Western Nunavut lays claim to Canadian Arctic’s first flat-headed monster
University of Manitoba grad student found Monstrillopsis planifrons in 2014
CAMBRIDGE BAY—If you ran into this eight-legged flat-headed monster on the streets of Cambridge Bay, you would be alarmed.
The beast lives in the dark waters near this community of about 1,700—but, happily, it’s only about two millimetres long.
In adult form, the flat-headed critter, which goes by the name of Monstrillopsis planifrons, uses its eight legs to propel its body through water.
And with one eye, no mouth and two antennae with hairs, it’s hardly beautiful, unless, perhaps, you’re another crustacean.
Researcher Aurélie Delaforge found this member of the Monstrilloida family—derived from the word monster—near Cambridge Bay in 2014 in the Dease Strait, the east-west waterway between the mainland’s Kent Peninsula and Victoria Island.
It’s the first record of a Monstrillopsis in Canadian waters.
“When we study the Arctic, there are still things we don’t know. This is a good example,” Delaforge said in a University of Manitoba news release.
“I think this is really important because it brings new information on the biodiversity present in the Arctic. It’s important to know what’s there.”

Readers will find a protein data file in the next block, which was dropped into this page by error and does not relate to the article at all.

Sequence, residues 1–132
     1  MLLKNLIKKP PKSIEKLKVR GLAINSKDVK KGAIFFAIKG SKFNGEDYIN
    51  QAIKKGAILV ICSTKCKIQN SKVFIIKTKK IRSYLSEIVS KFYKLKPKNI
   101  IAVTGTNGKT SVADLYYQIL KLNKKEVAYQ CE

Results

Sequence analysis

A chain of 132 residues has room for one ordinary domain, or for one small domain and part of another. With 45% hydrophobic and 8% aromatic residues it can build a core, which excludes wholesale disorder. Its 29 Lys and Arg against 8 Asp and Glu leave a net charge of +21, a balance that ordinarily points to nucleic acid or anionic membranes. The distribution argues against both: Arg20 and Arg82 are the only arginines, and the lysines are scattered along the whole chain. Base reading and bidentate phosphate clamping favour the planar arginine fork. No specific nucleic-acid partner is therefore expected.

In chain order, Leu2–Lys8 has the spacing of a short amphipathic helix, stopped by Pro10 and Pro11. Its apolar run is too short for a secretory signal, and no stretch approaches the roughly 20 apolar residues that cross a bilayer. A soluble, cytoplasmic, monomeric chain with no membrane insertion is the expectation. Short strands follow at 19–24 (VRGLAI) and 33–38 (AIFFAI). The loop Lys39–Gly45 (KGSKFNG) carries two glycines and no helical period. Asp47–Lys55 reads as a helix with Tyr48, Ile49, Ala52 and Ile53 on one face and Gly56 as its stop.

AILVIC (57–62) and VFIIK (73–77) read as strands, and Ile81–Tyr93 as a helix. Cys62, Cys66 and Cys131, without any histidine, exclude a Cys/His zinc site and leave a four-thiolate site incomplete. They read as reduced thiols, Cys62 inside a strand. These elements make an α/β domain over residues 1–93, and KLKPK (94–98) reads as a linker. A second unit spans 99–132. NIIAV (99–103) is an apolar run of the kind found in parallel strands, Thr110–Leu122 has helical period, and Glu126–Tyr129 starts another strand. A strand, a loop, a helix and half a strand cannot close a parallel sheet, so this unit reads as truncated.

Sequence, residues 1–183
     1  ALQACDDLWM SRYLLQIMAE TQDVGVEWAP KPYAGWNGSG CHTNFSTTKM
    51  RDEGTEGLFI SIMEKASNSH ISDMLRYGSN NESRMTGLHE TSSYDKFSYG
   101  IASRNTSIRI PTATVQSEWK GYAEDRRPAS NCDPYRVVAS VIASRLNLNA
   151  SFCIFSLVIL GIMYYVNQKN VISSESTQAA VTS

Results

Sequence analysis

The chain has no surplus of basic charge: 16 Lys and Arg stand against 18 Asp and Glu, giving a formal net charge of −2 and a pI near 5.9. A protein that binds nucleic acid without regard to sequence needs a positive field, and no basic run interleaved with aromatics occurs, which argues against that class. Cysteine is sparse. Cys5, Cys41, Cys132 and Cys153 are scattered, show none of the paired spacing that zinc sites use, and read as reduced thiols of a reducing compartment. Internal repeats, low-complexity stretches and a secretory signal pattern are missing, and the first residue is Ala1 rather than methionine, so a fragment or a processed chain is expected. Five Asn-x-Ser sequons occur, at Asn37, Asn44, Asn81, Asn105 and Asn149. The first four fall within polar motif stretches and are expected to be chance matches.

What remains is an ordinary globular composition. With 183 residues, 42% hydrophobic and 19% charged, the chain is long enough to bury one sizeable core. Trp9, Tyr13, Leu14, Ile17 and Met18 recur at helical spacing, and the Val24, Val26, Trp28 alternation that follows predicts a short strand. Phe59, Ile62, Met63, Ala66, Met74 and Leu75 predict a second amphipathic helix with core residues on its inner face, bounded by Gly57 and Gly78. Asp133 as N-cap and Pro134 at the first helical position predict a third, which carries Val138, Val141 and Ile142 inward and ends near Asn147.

Delaforge, a doctoral student at the University of Manitoba, who had previously studied small ocean animals and plants, recognized the beast while at a spring camp out on the ice where she was sampling ocean water to support her research on plankton blooms under the sea ice.
The odd-looking “alien” kept showing up in her samples, suggesting it lived in the vicinity.
Delaforge’s find ended up in Mexico, where expert Eduardo Suárez-Morales dissected the creature and confirmed that it was the Canadian Arctic’s first, true monster.
You can read more about Delaforge’s research in “A new species of Monstrillopsis (Copepoda, Monstrilloida) from the lower Northwest Passage of the Canadian Arctic,” published in Oct. 19 in the online ZooKeys journal.